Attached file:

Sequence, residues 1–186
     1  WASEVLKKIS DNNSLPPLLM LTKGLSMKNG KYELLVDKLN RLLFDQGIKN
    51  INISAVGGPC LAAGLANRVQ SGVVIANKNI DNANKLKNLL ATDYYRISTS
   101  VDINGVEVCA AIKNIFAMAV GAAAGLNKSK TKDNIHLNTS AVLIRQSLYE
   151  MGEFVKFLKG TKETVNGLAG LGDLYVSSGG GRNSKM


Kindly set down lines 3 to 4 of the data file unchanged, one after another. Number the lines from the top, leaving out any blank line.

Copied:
    51  INISAVGGPC LAAGLANRVQ SGVVIANKNI DNANKLKNLL ATDYYRISTS
   101  VDINGVEVCA AIKNIFAMAV GAAAGLNKSK TKDNIHLNTS AVLIRQSLYE